The calcium inside whey protein directly contributes to weight loss, because calcium decreases the accumulation of fat inside the body. By decreasing fat accumulation, calcium can therefore accelerate the speed in which you lose weight.
There is a certain type of mechanism in the human body that will promote the storage of fats in the body. The key component in this mechanism is the parathyroid hormone, a hormone that immediately reacts to a low calcium diet and promotes the storage of fat to counter it. If you have enough calcium in your diet, the creation of the parathyroid hormone will be stopped, which means it will also stop fat storage and increase fat breakdown.
What Does the Composition of Whey Protein Do for Digestion?
Whey protein contains lactose, except in whey protein concentrate, a version of whey protein where lactose is removed. When whey protein powder is consumed, the lactose in the composition of the supplement is broken down into substances called galacto-oligosaccharides. These galacto-oligosaccharides are used by gut bacteria, which can be found in the intestines. It is these bacteria that help digestion and reduce the chances of digestive distress.
What Do the Antioxidants in Whey Protein Used?
The antioxidant, glutathione, is more important than people would first think. The antioxidant is used during the detoxification process, but athletes often miss this antioxidant because of intense exercise. Studies have shown that glutathione levels decrease when training, so replenishing glutathione after training will be essential to get fitter.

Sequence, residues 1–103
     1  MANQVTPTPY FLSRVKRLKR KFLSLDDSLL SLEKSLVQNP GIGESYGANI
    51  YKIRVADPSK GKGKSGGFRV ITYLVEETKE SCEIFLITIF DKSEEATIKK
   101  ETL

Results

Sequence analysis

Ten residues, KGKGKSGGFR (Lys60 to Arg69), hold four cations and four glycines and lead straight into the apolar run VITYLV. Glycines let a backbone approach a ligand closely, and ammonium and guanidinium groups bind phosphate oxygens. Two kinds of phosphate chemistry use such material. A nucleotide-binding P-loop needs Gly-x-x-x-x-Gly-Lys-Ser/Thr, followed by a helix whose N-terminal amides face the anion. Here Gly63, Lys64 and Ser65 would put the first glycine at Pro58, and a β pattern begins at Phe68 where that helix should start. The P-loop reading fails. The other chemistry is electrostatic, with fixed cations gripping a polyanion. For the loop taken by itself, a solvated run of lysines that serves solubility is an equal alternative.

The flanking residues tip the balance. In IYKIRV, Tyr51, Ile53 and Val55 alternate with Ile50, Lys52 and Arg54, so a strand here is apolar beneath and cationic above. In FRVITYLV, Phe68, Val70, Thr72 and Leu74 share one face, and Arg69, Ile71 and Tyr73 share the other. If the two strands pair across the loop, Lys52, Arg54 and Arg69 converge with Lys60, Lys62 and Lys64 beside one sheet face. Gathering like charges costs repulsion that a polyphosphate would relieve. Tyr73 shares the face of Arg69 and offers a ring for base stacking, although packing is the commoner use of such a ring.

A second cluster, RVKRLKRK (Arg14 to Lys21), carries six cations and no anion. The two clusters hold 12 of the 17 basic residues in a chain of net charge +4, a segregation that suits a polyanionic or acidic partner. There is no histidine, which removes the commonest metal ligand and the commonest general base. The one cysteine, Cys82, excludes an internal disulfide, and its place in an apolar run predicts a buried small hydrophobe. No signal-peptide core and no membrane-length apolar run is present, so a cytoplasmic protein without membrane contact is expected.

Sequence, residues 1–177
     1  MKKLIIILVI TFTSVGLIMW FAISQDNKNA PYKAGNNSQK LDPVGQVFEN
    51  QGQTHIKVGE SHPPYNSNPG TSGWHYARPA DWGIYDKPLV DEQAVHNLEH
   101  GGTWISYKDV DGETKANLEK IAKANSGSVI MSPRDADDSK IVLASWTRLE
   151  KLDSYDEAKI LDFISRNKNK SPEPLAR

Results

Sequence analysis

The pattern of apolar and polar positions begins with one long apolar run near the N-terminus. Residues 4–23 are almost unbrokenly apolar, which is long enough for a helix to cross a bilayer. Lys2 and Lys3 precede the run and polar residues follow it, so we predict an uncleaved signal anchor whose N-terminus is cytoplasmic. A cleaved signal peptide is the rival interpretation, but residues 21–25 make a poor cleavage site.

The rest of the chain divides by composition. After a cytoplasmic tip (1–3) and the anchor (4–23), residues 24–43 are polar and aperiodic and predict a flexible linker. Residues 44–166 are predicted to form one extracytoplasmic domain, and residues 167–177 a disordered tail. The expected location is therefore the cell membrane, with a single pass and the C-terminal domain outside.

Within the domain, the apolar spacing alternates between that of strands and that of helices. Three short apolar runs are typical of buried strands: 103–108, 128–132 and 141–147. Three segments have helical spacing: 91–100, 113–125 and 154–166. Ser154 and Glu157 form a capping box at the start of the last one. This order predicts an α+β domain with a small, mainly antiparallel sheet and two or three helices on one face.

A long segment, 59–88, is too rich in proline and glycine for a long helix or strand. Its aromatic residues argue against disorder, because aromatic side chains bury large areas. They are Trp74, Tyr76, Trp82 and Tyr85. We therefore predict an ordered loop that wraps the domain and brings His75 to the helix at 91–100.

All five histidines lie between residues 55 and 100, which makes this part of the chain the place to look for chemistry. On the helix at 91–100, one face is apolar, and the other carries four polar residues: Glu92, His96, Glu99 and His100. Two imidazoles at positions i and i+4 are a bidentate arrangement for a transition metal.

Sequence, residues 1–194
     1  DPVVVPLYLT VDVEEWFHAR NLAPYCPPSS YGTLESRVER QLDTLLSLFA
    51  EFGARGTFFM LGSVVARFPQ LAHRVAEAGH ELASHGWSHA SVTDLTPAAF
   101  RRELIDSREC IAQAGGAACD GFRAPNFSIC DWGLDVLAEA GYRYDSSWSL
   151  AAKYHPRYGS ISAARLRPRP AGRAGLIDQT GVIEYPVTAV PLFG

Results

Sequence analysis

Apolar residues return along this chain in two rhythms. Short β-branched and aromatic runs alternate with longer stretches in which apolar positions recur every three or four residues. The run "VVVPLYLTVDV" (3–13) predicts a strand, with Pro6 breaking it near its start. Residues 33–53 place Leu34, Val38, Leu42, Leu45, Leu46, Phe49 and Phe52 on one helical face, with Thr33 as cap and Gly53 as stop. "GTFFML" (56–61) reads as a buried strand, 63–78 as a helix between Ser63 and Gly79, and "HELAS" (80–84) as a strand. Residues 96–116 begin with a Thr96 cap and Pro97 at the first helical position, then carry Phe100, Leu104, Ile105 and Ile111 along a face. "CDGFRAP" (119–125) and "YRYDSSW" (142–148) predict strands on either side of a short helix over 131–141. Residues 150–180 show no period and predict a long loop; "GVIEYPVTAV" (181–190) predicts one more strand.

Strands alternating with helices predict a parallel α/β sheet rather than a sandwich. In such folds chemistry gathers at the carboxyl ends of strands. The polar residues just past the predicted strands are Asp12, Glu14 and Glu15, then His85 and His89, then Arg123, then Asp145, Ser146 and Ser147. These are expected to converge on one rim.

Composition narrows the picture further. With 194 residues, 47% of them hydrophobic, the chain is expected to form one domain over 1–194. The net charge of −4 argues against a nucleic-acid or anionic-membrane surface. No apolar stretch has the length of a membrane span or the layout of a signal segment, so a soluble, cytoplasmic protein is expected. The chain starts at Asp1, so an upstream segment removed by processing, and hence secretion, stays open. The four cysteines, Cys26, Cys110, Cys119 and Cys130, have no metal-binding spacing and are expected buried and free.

Research has indicated that whey protein is able to replenish glutathione levels much better than casein protein powders. The results of this study were especially clear in areas such as the heart tissues and the liver tissues.
Another study also indicated that the use of whey protein could fight free radicals. When treating cells with whey protein isolate, results showed that the supplement increased the intracellular GSH by a whopping 64% and protected the cells against free radicals. Researchers believe that these results prove the role of whey protein powders in GSH synthesis.
What Explains the Link Between Whey Protein, Insulin and Supplement Use?
The use of whey protein is closely linked to insulin levels. After intense training, your body is very sensitive to insulin. For that reason, the body starts to transport carbohydrates and proteins to the muscle cells, but not to the fat cells. An athlete’s sensitivity to insulin will decline slowly over a period of time, which is two hours for most.